Plagiarism and cheating are regarded as very serious offences. In cases where cheating has been confirmed, students have been severely penalised, from losing all marks for an assignment, to facing disciplinary action at the Faculty level.
Enclosures: • Attendance Record: • Table of Specifications: • Question Papers (Sessional I + Sessional II + Final):
• Marking Scheme (Model Answers + Checking Hints): • Assignment Topics: • Quizzes: • Case Studies/Class Participation: • Evaluation Sheet:
CIS 306: Information Systems Analysis & Design
1-5 Part One The Context of Systems Development Projects Chapter 1 The Context of Systems Analysis and Design Methods Chapter 2 Information Systems Development Chapter 3 Project Management
6-24 Part Two Systems Analysis Methods Chapter 4 Systems Analysis Chapter 5 Fact‐Finding Techniques for Requirements Discovery Chapter 6 Modeling System Requirements with Use Cases Chapter 7 Data Modeling and Analysis Chapter 8 Process Modeling Chapter 9 Object‐Oriented Analysis and Modeling Using the UML Chapter 10 Feasibility Analysis and the System Proposal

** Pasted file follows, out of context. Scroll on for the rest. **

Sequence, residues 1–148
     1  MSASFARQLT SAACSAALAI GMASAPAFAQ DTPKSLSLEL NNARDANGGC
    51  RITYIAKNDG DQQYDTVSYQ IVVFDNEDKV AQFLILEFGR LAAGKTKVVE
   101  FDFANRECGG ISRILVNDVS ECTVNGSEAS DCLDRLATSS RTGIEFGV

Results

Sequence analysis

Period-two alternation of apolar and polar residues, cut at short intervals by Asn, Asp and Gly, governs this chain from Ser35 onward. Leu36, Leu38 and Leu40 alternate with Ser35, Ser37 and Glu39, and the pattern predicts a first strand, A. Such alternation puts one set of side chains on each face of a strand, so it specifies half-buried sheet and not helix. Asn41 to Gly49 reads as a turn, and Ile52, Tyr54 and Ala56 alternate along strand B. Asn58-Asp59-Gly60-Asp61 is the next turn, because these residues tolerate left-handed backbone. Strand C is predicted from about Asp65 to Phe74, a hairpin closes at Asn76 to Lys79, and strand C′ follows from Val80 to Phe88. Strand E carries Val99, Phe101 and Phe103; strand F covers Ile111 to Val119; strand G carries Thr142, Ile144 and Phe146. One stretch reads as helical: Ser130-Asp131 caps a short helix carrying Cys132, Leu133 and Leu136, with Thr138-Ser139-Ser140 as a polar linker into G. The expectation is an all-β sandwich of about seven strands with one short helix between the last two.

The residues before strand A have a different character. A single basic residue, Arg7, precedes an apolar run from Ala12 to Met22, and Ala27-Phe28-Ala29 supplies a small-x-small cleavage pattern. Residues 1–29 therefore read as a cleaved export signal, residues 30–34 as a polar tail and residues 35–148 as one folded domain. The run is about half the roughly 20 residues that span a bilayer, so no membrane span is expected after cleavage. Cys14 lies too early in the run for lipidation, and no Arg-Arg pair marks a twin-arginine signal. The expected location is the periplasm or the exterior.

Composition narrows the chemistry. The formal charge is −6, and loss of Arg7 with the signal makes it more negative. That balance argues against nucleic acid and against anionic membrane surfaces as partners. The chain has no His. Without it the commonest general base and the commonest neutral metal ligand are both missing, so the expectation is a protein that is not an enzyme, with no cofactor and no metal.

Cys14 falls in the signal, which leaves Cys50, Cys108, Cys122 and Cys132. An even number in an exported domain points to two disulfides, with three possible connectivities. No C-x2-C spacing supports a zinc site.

24-42 Part Three Systems Design Methods Chapter 11 Systems Design Chapter 12 Application Architecture and Modeling Chapter 13 Database Design Chapter 14 Output Design and Prototyping Chapter 15 Input Design and Prototyping Chapter 16 User Interface Design Chapter 17 Object‐Oriented Design and Modeling Using the UML
43-48 Part Four Beyond Systems Analysis and Design Chapter 18 Systems Construction and Implementation
Weekly Course Plan (Table of Specifications) Week# Lecture# Reading Topics Homework Week1 Lecture 1 Hoffer et al.
Chs 1-3, Appendix 1 Introduction The Systems Development Environment
Lecture 2 The Systems Development Environment (cont’d)
Lecture 3 The Systems Development Environment (cont’d)
Week2 Lecture 4 Hoffer et al. Chs 3, 4 & 5
Succeeding as a Systems Analyst
Lecture 5 Succeeding as a Systems Analyst
Lecture 6 Succeeding as a Systems Analyst
Week3 Lecture 7 Hoffer et al. Chs 6 & 7
Systems Analysis 1: Analysis phase, data gathering and use of models